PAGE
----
Maybe those in the Richmond Office were just trying to spread the awards around the conference, as UD frosh Kory Holden was undeniably the best youngster in the league last week. Holden averaged 18 points and seven dimes last week, and is now just one Rookie of the Week award away from matching Devon Saddler’s mark (four) from the 2010-2011 season. Though they’re comparable in the immense ways in which they can impact a game, Holden is a much better facilitator than Saddler was in his younger years.

Curry averaged 23 points per game last week, and that’s a very welcome sign for the Purple and Gold faithful. The Dukes need their most experienced player, the only guy who’s played in an NCAA Tournament, to set the tone. Curry’s game is built on getting in the lane, and if his three-point shooting (8-of-11) in the past two games represents positive regression to the mean, it’ll go a long way towards keeping JMU in the top half of the conference.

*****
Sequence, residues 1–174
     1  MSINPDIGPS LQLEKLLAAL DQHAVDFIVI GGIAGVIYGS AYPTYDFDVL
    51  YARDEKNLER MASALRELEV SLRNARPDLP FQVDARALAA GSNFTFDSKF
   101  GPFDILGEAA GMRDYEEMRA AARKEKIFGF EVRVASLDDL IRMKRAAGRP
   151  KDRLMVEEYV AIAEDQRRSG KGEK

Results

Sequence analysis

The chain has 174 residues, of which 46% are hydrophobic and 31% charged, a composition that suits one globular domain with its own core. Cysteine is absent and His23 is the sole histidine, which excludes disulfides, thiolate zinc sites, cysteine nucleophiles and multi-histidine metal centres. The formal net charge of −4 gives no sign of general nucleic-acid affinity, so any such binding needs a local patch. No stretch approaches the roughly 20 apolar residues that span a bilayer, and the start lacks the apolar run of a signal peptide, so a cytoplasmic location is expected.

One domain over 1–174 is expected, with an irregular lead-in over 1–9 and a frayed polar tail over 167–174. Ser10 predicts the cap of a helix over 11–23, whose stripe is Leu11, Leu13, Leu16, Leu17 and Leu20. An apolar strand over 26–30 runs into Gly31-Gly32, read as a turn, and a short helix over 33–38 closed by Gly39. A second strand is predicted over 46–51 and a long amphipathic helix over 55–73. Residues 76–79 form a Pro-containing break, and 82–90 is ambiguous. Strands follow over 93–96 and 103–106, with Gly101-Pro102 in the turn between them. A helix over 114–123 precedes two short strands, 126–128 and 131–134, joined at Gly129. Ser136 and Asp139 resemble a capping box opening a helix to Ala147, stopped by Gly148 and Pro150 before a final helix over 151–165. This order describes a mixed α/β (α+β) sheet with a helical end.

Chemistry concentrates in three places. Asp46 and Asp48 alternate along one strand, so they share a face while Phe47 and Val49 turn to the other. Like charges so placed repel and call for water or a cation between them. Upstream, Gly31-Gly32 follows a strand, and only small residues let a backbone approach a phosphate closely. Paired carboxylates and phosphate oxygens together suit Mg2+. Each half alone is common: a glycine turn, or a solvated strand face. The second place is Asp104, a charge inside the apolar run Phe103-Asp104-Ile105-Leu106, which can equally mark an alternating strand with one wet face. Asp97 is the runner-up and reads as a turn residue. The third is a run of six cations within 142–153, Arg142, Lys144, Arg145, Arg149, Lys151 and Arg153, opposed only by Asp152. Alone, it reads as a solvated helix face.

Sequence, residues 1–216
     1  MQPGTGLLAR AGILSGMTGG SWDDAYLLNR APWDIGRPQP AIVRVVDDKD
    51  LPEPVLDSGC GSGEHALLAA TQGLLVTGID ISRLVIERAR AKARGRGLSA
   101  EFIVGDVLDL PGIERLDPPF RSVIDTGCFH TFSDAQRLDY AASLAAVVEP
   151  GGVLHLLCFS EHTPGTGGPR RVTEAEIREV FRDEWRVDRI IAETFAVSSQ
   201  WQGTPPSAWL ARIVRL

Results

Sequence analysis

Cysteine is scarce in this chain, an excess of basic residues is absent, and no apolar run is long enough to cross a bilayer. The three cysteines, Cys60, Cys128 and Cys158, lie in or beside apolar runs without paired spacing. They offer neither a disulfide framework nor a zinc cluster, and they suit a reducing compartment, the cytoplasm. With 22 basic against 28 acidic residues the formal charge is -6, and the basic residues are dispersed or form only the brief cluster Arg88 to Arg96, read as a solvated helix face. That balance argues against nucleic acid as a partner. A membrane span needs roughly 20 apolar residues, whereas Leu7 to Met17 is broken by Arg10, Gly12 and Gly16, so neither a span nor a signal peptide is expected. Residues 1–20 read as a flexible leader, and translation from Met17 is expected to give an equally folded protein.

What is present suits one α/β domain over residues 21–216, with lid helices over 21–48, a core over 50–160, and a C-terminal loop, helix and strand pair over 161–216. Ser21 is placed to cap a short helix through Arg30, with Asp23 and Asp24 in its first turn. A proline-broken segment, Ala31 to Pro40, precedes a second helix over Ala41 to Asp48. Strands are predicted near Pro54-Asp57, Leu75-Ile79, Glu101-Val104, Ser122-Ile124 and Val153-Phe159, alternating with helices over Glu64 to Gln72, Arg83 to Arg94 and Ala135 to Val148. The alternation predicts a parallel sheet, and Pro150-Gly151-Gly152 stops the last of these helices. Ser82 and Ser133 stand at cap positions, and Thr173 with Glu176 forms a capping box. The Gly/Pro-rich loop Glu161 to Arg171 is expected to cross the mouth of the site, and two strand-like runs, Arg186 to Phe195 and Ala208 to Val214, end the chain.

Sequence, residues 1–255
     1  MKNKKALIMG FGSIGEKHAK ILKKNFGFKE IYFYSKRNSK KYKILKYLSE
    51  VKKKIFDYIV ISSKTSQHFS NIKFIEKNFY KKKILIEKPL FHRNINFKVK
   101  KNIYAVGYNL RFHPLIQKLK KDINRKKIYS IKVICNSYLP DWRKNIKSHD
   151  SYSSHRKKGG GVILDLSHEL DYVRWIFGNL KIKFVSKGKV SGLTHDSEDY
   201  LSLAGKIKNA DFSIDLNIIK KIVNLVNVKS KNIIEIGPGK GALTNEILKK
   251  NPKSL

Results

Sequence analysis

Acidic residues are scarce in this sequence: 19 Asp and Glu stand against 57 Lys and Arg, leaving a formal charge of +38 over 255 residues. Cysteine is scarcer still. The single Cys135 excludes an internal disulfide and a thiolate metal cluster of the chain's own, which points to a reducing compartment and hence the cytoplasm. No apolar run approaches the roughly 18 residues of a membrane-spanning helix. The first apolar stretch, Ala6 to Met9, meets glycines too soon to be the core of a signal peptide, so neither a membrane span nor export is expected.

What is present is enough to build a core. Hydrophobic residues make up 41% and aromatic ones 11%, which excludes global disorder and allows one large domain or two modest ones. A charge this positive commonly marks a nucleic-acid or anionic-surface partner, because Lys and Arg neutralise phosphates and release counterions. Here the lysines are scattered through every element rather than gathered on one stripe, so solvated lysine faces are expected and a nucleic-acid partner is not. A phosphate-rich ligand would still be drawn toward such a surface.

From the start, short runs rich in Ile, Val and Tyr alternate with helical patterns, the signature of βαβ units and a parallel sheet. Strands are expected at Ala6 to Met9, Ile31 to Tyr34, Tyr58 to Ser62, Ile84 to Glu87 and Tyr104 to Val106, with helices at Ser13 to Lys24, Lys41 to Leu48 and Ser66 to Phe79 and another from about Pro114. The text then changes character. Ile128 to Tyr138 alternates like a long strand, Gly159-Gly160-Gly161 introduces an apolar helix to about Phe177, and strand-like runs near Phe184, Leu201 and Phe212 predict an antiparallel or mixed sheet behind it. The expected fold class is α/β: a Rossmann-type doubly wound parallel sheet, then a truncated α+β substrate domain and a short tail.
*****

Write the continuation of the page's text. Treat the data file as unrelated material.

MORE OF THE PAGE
Although I’m hardly thrilled about picking against a Blue Hen group coming off its two best shooting performances of the season, the task becomes easier when you realize they’ve allowed one opposing player to go for 30+ in back-to-back games.

The Dukes’ zone continues to make life difficult for the CAA, and Curry’s hot shooting is just enough to put his guys on top.

JMU 66, UD 65

Northeastern (6-2) at Drexel (3-5) — Video Stream — 7:00

The Dragons will try to keep this three-game homestand going in the right direction, after Damion Lee shot Drexel to victory this past Saturday against Charleston. Tonight’s opponent finds itself at the top of the conference standings, and presents a much tougher task. So although Bruiser Flint might have the best player on the court, Bill Coen probably has the next five.